The protective effect of diosmin on hepatic ischemia reperfusion injury: an experimental study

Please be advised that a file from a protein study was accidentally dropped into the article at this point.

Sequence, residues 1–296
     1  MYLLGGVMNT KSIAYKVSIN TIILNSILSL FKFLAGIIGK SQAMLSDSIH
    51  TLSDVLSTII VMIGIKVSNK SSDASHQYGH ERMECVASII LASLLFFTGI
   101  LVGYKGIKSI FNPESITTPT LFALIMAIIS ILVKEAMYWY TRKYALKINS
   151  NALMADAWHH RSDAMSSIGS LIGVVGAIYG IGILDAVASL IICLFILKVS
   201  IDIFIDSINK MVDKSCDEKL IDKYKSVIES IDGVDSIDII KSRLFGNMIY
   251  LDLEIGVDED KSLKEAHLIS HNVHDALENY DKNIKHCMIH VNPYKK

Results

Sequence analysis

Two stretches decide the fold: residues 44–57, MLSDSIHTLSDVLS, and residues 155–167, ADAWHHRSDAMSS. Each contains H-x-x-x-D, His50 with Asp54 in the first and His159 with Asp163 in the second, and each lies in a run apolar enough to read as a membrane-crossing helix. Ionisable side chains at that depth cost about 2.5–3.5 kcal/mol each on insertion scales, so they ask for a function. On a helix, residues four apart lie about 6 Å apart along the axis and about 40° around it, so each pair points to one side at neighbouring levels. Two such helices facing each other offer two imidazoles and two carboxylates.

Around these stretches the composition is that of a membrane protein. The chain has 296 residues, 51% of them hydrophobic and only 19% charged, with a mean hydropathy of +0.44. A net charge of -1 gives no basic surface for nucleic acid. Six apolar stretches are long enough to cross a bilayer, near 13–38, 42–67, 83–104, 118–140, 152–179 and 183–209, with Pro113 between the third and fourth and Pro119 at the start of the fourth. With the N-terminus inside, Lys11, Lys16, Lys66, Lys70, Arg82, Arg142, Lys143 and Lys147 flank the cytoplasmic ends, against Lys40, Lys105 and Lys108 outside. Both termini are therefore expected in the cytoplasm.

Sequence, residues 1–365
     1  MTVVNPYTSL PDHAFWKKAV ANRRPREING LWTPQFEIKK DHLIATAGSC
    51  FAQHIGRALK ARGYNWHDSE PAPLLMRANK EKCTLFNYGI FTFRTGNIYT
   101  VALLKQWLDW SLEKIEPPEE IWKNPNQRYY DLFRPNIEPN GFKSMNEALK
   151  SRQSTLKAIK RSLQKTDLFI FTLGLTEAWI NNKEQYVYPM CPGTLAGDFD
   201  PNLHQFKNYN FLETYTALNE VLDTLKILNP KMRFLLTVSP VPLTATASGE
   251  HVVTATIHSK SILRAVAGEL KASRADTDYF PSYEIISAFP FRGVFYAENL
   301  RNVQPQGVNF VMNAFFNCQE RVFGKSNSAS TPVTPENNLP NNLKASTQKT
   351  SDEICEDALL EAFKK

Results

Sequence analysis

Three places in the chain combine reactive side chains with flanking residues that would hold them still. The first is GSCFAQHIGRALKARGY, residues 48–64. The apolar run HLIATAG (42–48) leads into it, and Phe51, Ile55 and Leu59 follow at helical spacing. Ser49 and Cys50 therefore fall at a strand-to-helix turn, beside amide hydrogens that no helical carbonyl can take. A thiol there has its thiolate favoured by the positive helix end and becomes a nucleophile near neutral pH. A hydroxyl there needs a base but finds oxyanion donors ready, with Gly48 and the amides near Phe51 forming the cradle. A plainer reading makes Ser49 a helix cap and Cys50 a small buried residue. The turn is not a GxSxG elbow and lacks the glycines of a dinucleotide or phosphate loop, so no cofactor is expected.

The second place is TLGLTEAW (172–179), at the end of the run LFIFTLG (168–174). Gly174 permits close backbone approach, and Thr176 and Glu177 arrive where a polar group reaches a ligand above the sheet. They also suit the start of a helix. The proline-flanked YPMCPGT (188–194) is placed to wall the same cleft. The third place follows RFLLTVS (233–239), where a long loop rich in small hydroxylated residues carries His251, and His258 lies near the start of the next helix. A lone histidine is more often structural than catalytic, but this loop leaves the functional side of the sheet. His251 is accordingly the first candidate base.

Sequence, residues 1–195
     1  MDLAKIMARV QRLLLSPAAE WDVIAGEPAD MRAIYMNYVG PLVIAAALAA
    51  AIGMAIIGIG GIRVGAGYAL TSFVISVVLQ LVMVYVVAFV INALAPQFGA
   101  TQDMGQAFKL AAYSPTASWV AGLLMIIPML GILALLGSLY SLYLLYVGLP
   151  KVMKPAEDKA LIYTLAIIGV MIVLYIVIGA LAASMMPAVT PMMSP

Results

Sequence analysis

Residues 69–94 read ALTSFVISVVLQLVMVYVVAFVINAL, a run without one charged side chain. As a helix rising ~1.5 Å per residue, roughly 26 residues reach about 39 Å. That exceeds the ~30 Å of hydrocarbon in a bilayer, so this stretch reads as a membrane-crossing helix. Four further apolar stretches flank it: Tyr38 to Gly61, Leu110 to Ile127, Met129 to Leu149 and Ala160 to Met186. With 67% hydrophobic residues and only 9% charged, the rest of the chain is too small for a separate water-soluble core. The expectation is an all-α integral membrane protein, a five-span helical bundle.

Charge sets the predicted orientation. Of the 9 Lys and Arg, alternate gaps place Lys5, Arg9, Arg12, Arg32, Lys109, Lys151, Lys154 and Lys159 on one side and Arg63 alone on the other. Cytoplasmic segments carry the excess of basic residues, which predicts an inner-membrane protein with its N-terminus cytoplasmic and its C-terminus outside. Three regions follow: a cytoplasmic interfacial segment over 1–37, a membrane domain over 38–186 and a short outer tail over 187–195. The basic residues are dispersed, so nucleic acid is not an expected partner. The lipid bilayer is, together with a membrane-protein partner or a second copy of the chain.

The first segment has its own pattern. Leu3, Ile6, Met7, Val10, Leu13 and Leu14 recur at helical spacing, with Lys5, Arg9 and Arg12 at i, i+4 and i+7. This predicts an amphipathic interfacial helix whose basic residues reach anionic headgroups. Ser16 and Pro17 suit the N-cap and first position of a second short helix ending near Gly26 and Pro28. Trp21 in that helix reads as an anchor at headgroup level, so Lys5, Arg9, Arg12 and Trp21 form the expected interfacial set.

Liver ischemia reperfusion injury (IRI) is an important pathologic process leading to bodily systemic effects and liver injury. Our study aimed to investigate the protective effects of diosmin, a phlebotrophic drug with antioxidant and anti-inflammatory effects, in a liver IRI model. Forty rats were divided into 4 groups. Sham group, control group (ischemia-reperfusion), intraoperative treatment group, and preoperative treatment group. Ischemia reperfusion model was formed by clamping hepatic pedicle for a 60 minute of ischemia followed by liver reperfusion for another 90 minutes. Superoxide dismutase (SOD) and catalase (CAT) were measured as antioaxidant enzymes in the liver tissues, and malondialdehyde (MDA) as oxidative stress marker, xanthine oxidase (XO) as an oxidant enzyme and glutathione peroxidase (GSH-Px) as antioaxidant enzyme were measured in the liver tissues and the plasma samples. Hepatic function tests were lower in treatment groups than control group (p<0.001 for ALT and AST). Plasma XO and MDA levels were lower in treatment groups than control group, but plasma GSH-Px levels were higher (p<0.05 for all). Tissue MDA levels were lower in treatment groups than control group, but tissue GSH-Px, SOD, CAT and XO levels were higher (p<0.05 for MDA and p<0.001 for others). Samples in control group histopathologically showed morphologic abnormalities specific to ischemia reperfusion. It has been found that both preoperative and intraoperative diosmin treatment decreases cellular damage and protects cells from toxic effects in liver IRI. As a conclusion, diosmin may be used as a protective agent against IRI in elective and emergent liver surgical operations.